It wasn’t the nicest of days, but that probably worked out best for Capt. Ron Santee on the Fishermen from Atlantic Highlands. His report follows:”
Fished a New area this morning, took my customers out to the Snot and they were glad I did!
Found the Bass and they were Hungry, up to 35 pound fish that we had to toss back with everyone getting their keepers. All on Shads, large or small it didn’t matter.
Moved off to another area when that bite died and had fish busting on top along with the first Giant Blue fish of the season…Actually left the Blues and found the bass again.
Very good fishing up till the end of the tide, bite didn’t turn back on but it didn’t matter, everyone went home Happy! Total opposite of yesterdays bite when the morning was picking here and there and the afternoon was on fire…go figure!
Can’t wait to get back out there tomorrow! Open boat, No Reservations Just come on down. Fare is $90.“
This is just the start of the migratory run, as Mike Monte got word from his Nantucket home that an unusual abundance of bunkers there is holding quantities of big bluefish plus 35-inch stripers. Mike says those blues will probably head out into the Atlantic, but the bass should be closer to shore as they head south.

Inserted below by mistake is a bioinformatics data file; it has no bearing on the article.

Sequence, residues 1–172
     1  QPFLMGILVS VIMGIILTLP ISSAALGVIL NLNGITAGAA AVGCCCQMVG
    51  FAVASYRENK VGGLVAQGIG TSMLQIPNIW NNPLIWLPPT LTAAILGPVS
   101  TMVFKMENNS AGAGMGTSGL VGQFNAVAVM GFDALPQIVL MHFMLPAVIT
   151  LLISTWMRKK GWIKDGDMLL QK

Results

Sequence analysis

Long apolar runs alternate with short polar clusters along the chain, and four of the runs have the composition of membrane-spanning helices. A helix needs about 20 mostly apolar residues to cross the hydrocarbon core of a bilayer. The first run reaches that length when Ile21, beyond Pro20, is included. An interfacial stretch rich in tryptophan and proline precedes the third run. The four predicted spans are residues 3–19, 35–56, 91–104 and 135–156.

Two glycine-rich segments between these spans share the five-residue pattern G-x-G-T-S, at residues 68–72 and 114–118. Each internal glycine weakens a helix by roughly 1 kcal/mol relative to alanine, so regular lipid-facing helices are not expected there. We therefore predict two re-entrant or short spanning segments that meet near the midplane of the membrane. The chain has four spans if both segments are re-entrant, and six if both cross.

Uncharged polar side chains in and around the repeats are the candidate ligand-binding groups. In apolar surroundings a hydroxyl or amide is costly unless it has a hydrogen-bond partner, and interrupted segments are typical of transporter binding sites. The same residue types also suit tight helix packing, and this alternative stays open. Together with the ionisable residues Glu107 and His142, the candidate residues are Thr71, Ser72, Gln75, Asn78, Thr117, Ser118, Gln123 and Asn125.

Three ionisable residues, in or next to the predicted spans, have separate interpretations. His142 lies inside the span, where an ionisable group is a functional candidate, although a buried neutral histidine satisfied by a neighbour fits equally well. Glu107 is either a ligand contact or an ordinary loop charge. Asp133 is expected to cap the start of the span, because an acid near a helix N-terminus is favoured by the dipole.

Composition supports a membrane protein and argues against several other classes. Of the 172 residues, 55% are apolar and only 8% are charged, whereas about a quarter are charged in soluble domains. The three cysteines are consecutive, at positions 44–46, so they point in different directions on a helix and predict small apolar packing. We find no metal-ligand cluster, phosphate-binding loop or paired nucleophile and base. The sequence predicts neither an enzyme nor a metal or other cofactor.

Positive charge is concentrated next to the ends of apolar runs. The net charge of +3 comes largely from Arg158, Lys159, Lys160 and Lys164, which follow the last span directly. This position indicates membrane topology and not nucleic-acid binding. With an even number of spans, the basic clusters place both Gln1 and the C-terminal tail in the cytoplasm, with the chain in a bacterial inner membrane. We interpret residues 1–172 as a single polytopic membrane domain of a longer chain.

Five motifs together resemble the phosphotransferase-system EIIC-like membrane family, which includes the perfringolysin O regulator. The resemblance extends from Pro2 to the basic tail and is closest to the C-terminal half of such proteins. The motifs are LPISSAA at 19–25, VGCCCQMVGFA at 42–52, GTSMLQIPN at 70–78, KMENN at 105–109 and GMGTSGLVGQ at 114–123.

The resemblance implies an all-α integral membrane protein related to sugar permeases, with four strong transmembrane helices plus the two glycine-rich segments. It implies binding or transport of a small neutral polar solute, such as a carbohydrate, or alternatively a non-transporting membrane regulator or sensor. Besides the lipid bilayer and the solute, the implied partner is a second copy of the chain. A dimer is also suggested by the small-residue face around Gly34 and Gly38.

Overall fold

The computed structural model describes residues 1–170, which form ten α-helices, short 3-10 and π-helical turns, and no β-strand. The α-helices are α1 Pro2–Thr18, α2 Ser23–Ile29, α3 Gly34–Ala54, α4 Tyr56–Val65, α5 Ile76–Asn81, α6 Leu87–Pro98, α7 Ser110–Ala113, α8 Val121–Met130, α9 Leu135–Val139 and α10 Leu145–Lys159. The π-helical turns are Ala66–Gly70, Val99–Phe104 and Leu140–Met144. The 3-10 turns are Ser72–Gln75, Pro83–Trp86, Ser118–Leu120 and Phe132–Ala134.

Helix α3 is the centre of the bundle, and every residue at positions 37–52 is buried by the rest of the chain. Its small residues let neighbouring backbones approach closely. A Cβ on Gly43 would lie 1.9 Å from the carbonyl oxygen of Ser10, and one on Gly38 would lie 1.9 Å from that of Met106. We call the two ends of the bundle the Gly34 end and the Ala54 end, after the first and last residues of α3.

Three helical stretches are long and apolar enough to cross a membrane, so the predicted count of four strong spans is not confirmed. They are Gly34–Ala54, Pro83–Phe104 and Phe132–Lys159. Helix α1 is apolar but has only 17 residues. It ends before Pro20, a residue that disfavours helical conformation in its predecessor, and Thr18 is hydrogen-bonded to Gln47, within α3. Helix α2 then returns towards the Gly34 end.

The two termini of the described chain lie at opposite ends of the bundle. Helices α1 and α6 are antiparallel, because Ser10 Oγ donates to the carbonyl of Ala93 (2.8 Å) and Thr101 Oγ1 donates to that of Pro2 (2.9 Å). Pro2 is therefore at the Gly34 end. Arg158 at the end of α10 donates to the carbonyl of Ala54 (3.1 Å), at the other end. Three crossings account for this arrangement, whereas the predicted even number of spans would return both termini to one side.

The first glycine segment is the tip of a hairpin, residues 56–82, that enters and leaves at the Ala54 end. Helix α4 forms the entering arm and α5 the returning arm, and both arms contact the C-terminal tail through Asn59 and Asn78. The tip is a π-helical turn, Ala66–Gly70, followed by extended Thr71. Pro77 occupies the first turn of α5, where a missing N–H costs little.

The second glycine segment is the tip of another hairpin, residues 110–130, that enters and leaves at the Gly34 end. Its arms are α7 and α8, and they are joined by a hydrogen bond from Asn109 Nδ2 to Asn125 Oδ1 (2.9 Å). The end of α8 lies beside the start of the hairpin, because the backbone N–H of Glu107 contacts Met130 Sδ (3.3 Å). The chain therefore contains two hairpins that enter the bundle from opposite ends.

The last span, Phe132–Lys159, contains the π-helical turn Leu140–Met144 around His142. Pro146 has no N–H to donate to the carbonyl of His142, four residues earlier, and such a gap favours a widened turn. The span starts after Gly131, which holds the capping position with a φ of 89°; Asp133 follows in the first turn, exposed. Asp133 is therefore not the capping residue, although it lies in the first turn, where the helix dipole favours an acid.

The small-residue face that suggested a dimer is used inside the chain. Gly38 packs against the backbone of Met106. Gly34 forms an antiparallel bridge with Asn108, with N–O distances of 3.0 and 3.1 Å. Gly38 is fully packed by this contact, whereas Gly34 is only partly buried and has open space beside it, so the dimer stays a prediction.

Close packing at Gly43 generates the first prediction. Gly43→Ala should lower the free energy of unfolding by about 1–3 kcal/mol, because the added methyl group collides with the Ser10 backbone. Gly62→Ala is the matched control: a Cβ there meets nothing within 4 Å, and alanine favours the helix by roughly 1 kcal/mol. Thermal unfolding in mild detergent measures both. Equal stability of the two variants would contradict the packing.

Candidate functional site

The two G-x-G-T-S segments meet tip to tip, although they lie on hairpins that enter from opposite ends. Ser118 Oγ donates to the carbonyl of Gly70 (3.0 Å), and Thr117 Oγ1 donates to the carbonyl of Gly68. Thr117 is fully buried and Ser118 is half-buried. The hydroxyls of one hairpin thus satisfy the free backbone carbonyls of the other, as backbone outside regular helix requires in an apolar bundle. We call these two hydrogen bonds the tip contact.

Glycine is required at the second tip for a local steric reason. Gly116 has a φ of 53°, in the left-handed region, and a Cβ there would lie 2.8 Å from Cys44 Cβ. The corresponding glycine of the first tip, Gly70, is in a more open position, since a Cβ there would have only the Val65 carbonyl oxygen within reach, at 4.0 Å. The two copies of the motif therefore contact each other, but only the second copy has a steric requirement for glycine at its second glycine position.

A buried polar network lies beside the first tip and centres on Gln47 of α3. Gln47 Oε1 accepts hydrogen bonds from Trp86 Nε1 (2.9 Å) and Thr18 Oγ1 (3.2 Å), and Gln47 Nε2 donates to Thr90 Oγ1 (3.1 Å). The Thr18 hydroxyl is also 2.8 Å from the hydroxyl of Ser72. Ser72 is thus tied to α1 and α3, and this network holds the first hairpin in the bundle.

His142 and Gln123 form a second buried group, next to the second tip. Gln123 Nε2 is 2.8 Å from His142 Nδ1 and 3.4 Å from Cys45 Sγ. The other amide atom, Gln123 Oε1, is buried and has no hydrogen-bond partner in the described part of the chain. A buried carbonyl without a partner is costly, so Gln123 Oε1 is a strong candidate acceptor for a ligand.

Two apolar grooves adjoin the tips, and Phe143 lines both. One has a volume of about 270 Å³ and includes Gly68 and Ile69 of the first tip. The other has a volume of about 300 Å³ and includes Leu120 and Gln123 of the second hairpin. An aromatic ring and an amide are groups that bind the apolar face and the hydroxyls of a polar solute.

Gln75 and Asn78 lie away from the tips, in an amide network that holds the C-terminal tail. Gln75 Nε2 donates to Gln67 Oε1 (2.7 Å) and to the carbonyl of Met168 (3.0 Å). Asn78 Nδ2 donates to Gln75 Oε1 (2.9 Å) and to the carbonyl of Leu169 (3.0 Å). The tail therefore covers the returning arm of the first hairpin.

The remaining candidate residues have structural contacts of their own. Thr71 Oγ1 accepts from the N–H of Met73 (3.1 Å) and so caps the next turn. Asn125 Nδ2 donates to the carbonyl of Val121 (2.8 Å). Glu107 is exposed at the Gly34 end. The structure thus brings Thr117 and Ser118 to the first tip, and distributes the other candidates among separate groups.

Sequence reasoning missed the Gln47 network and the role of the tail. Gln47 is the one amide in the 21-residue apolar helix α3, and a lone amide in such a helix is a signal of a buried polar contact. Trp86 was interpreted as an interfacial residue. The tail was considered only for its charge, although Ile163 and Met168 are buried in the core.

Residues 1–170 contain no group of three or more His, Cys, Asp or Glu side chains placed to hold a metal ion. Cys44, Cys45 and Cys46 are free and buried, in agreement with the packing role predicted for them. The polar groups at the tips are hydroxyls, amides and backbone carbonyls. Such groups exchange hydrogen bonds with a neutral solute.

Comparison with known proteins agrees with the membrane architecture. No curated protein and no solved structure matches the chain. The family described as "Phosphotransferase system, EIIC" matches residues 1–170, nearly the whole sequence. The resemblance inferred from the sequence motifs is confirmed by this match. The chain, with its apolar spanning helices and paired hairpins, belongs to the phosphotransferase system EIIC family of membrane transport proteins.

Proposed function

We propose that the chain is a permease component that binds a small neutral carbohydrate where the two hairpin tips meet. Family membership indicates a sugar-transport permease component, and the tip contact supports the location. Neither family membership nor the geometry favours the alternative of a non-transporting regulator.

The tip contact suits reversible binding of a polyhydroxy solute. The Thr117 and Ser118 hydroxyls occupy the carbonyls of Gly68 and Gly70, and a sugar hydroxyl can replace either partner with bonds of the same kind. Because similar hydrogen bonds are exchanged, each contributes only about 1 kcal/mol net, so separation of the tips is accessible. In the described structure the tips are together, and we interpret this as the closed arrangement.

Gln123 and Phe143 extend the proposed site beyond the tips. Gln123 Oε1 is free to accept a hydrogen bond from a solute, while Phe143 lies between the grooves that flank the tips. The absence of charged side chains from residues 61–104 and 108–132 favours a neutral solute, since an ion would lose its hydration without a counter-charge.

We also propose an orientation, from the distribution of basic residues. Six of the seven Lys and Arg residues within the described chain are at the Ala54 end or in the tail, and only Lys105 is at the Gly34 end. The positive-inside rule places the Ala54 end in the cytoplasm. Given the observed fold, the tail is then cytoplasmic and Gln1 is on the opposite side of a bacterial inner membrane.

Monte continues to struggle in the Monmouth County surf, and I got the same report from Vinny D’Anton. However, it’s early for that surf run as the water temperature is 62 degrees.
Northeast winds continue Sunday, but at only 5-10 knots with 2-4-foot seas.
The offshore tuna bite continues to be great when boaters are able to get out. Capt. Mark De Blasio reported his last trip with Blue Runner produced a 300-pound, 78-inch bigeye tuna, while another broke a rod after an hour-long battle. A limit of yellowfins was added.
Hans Kaspersetz with a bigeye on End Game.
Capt. Jim Freda took friends out on Shore Catch for a couple of hours one afternoon and didn’t find the bunkers he was looking for off Manasquan Inlet. He switched to the dependable Tony Maja bunker spoon and soon broke the ice!